About 10 percent of children live in households with a Social Security program beneficiary or are beneficiaries themselves. Many have low incomes limiting the resources available to spend on caring for these children. The Child Tax Credit (CTC) expansion in 2021 increased income for many households and reduced poverty dramatically for children. Children in Social Security beneficiary households stood to gain as CTC benefit receipt did not affect Social Security payments. In fact, poverty fell substantially for these children, however, there were disparities based on demographic characteristics, geography, and Social Security program type.
On this April 11, 2023 webinar we explore this topic with researchers, Madelaine L’Esperance, Jevay Grooms, Tim Smeeding, and Shogher Ohanessian as well as discussant Jessica Pac, Co-Director of UW-Madison’s Center for Child Welfare Policy & Practice.
A study was conducted by Asset Funders Network (AFN) and the University of Wisconsin-Madison Center for Financial Security (CFS) to better understand the transition to remote services among financial capability and asset building (FCAB) programs, which includes financial education, counseling, coaching, emergency assistance, benefits navigation, housing supports, workforce development, and other related services. A full report, six regional briefs, and a webinar are available. Visit the AFN website and project landing page for all materials and regional briefs.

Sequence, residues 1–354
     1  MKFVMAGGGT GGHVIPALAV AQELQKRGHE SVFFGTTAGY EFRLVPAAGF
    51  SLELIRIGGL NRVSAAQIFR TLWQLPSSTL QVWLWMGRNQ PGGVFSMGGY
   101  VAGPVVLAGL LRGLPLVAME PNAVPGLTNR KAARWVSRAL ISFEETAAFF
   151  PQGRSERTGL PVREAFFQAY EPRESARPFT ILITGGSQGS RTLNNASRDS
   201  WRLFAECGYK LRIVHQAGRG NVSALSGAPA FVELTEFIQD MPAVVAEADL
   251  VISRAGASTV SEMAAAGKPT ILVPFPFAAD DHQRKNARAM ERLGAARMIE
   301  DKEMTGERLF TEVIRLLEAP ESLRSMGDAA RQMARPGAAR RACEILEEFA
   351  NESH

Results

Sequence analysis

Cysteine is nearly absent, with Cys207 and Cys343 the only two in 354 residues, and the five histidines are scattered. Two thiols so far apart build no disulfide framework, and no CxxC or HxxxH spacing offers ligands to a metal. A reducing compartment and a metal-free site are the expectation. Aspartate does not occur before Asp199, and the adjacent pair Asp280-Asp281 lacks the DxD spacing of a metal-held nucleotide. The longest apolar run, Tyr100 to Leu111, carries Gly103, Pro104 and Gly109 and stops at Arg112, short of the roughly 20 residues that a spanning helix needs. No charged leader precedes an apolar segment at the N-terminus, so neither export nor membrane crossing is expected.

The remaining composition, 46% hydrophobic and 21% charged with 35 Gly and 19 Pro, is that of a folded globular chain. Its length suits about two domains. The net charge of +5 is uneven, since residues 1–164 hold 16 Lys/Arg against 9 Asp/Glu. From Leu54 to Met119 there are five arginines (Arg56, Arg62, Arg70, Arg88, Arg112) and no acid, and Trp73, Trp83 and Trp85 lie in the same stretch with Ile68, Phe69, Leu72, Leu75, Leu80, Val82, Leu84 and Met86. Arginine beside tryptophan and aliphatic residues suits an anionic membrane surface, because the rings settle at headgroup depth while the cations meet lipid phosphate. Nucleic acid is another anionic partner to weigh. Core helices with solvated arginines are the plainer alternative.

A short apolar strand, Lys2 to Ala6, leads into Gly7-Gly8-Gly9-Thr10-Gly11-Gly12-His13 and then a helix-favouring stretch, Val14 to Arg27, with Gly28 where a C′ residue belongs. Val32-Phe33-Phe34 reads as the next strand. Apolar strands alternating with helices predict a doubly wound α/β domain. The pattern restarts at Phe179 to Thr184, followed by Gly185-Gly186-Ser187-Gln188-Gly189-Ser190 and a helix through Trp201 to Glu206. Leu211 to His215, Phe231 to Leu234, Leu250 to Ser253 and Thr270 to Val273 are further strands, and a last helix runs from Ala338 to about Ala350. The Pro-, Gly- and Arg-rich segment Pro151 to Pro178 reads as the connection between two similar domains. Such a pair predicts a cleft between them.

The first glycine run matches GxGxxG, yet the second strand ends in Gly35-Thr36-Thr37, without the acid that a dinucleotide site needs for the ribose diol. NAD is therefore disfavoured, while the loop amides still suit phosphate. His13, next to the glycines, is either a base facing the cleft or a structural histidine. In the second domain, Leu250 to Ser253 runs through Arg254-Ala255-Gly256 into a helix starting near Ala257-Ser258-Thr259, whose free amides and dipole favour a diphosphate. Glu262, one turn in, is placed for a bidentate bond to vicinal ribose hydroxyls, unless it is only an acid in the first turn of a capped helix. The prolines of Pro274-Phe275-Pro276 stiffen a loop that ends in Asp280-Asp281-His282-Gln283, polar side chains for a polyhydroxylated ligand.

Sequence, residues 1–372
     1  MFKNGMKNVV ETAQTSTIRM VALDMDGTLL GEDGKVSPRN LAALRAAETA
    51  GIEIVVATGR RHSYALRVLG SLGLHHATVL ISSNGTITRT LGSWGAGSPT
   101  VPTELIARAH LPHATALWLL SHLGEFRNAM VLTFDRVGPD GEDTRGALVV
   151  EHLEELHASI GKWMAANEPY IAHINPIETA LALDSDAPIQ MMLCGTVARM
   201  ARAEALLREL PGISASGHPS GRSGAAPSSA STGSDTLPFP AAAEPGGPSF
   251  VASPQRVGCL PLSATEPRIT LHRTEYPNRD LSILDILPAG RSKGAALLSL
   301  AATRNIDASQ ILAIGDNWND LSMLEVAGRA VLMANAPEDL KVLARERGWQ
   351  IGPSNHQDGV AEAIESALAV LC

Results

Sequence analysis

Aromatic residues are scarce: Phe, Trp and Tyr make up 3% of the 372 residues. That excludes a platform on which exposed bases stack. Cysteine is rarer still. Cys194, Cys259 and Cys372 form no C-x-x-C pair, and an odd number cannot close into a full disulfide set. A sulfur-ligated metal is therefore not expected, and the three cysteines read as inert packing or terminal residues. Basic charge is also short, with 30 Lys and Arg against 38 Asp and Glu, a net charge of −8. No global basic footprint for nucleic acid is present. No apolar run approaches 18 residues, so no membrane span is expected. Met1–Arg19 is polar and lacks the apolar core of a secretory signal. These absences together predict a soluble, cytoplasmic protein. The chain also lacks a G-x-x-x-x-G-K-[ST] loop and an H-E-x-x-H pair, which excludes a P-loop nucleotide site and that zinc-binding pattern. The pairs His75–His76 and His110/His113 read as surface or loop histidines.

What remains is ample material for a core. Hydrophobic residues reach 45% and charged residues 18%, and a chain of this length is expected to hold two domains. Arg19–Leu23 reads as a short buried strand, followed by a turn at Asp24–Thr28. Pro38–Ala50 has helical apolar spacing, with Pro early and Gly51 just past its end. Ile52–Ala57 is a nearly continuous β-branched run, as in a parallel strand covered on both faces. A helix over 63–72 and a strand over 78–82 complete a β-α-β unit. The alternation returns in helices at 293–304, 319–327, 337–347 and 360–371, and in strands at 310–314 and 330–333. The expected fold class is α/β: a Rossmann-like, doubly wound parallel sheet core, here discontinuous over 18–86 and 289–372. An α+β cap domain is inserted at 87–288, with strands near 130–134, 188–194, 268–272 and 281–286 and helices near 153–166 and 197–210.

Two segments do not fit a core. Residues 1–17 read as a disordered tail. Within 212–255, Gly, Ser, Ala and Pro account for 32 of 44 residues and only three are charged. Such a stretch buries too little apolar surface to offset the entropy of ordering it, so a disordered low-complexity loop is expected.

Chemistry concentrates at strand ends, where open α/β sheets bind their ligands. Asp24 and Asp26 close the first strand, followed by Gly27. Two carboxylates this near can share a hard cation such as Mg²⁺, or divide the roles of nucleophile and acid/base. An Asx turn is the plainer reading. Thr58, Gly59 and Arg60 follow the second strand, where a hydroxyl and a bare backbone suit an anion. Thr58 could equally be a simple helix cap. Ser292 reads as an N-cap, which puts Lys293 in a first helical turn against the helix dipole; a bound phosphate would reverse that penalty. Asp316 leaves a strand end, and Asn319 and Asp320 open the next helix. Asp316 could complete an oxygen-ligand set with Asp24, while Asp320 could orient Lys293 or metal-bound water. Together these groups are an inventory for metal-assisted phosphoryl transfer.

Lack of health insurance and underinsurance threaten the near term and long-term economic security of households approaching retirement. For lower income households near retirement but not yet eligible for Medicare, Medicaid may reduce financial hardship caused by medical bills, improve savings for retirement, and change use of Social Security benefits. Whether Medicaid significantly improves the financial health of households near retirement informs how Social Security beneficiaries will fare once they reach retirement.
This January 31, 2023 webinar explores this topic with the researchers, Katie Fitzpatrick, Associate Professor & MPP Program Director at Biden School of Public Policy & Administration at the University of Delaware, and Keisha Solomon, Research Scientist in the Department of Economics at Howard University. Webinar discussants include Kabir Dasgupta, Senior Economist at the Federal Reserve, and Caroline Gomez-Tom, Outreach Specialist with Covering Wisconsin.
Mortality rates for working age adults without a college degree have increased in recent years, driven by rising ‘deaths of despair’ including drug overdose mortality. At the same time, demand for Supplemental Security Income (SSI) and Social Security Disability Insurance (SSDI) programs among working age adults have increased in recent decades. Research suggests that fading economic opportunities—such as the decline of manufacturing employment—may explain an important portion of these worrisome trends.